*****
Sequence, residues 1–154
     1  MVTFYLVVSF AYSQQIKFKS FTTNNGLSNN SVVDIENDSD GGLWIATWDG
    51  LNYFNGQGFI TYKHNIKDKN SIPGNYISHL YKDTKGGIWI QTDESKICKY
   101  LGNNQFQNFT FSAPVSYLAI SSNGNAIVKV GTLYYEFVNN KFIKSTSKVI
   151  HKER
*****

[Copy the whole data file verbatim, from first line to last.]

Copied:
Sequence, residues 1–154
     1  MVTFYLVVSF AYSQQIKFKS FTTNNGLSNN SVVDIENDSD GGLWIATWDG
    51  LNYFNGQGFI TYKHNIKDKN SIPGNYISHL YKDTKGGIWI QTDESKICKY
   101  LGNNQFQNFT FSAPVSYLAI SSNGNAIVKV GTLYYEFVNN KFIKSTSKVI
   151  HKER